President Barack Obama and First Lady Michelle Obama's teenage daughters are keen to move on with their lives, even if their parents aren't quite ready to be empty nesters. "They’re ready to get out, just out from their parents’ house," Barack said about Malia, 18, and Sasha, 15, in a joint interview with Michelle for People. “The fact that their parents’ house is the White House may add to it. But Malia’s going off to college. She’s a grown woman.”
The first family is set to depart from the White House in January, and will take up residence in Washington, D.C.'s Kalorama neighborhood until sophomore Sasha graduates from the Sidwell Friends school. Malia, who graduated from the Washington, D.C. school in June, has been on a gap year before heading off to Harvard University in the fall of 2017.
Despite Malia being an adult, her mother doesn't see it that way. "She’s still a baby," she told the magazine. Even though the girls have moving out on the brain, the first parents know that the transition out of the White House will be a little tough for their children.
"There’s a sentimentality about this place, that they’ve had so many amazing experiences, and the staff are part of the family," he said. "It is different for them than for most kids in that when they leave, they won’t be able to come back home. Malia’s spoken about how she regrets the fact that she won’t have that home base in the same way."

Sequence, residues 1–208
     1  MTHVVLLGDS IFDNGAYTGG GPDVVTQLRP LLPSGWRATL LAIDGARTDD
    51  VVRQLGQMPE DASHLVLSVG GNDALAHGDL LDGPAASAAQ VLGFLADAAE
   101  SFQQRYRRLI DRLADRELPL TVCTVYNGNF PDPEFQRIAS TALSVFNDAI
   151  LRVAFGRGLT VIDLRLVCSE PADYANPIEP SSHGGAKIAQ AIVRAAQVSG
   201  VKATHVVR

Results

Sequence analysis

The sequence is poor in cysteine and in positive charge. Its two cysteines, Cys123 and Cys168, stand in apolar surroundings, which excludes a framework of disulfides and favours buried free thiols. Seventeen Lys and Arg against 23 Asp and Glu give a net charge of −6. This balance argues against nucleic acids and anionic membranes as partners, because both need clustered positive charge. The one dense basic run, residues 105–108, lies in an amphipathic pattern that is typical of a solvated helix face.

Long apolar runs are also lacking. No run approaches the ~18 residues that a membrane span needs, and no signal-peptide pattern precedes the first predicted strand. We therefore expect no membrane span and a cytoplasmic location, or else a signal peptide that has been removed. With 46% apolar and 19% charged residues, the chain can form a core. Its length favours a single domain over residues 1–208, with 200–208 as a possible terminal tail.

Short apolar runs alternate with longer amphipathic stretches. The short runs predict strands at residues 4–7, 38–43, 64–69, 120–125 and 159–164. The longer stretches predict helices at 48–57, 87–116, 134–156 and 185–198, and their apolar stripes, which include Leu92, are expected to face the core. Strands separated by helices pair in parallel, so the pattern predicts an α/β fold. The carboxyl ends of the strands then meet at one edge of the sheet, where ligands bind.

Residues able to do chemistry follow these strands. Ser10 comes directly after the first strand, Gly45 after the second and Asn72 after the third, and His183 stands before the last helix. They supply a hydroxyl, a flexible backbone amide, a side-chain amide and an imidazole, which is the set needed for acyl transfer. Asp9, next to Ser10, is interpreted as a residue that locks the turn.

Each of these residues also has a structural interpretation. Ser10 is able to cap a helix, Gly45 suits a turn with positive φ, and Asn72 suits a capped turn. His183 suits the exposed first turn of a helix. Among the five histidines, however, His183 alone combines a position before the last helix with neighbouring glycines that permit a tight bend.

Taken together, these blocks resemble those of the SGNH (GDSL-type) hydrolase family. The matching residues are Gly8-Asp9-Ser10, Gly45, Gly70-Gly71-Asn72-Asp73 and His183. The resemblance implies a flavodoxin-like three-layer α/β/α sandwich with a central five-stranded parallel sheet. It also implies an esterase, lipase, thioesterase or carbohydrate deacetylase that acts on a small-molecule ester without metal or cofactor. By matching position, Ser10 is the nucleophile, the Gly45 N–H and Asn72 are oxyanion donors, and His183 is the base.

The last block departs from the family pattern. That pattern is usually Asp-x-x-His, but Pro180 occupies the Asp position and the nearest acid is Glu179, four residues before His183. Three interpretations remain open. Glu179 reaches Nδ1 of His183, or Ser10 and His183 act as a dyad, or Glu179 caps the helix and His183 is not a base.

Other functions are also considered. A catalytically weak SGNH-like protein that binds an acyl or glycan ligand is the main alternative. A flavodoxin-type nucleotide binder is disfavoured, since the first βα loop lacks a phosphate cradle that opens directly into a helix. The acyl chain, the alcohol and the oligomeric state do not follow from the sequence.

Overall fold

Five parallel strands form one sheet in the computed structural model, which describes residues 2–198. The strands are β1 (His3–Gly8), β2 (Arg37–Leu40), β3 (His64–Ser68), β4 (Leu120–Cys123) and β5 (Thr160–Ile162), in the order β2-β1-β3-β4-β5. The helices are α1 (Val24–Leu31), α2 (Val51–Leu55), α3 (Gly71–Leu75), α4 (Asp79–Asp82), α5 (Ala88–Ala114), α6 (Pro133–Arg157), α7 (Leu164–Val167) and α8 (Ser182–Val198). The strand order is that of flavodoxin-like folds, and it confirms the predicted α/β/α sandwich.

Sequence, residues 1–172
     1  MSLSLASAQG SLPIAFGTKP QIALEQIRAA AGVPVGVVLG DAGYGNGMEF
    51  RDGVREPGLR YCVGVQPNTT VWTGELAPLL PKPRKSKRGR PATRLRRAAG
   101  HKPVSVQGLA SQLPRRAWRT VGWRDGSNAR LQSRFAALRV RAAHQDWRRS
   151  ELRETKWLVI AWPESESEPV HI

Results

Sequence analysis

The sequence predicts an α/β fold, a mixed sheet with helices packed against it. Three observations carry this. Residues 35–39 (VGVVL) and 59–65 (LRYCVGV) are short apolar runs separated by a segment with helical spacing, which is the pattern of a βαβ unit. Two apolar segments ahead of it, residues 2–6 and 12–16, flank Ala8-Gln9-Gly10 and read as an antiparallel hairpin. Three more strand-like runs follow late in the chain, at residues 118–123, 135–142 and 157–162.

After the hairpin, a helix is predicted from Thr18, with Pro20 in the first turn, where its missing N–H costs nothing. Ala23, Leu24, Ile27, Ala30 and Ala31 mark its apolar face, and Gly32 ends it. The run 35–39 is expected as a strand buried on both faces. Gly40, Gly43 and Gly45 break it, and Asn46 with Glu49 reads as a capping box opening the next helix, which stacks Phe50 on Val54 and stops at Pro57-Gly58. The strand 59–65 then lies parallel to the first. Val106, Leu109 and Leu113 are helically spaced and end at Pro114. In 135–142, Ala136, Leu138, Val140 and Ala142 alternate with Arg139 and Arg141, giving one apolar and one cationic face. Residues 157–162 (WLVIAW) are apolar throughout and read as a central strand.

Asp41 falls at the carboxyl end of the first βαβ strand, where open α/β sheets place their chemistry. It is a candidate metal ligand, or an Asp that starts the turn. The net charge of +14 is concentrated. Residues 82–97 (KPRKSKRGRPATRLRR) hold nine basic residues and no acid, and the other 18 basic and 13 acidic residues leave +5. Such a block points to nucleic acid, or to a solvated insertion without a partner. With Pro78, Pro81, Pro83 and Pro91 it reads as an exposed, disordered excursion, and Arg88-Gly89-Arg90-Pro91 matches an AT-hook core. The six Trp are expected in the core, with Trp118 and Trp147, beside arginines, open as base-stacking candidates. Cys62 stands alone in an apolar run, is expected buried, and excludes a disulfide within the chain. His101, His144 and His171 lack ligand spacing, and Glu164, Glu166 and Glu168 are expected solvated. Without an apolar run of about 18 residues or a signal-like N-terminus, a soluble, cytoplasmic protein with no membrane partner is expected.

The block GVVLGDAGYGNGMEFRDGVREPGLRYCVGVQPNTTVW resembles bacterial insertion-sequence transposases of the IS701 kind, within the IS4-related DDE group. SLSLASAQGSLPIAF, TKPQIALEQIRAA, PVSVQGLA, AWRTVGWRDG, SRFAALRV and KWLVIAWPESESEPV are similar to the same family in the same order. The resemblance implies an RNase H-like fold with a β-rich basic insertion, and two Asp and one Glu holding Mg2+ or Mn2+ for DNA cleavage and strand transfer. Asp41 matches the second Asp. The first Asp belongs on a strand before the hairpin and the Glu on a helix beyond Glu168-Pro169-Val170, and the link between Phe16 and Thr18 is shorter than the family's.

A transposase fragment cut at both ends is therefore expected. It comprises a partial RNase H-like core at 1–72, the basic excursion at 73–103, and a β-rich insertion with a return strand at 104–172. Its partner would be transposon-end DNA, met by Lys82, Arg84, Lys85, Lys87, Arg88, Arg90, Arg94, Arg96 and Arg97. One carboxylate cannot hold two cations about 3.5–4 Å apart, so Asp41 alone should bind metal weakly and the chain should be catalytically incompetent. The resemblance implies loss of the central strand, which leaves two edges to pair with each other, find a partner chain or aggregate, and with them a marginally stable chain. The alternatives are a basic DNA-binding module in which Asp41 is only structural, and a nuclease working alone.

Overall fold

POTUS continued: “They’re ready to get out of the nest. We don’t think they’re ready, but they certainly think they’re ready.”
The Commander-in-Chief may not be ready to see his girls leave the house, however, one thing he is ready for is some post-presidential R&R. "You know, I'm gonna sleep for a couple of weeks when I get out of here, take my wife on a well-deserved vacation," he told Rolling Stone magazine earlier this month. "And I'll spend time in my first year out of office writing a book, and I'm gonna be organizing my presidential center, which is gonna be focused on precisely this issue of how do we train and empower the next generation of leadership."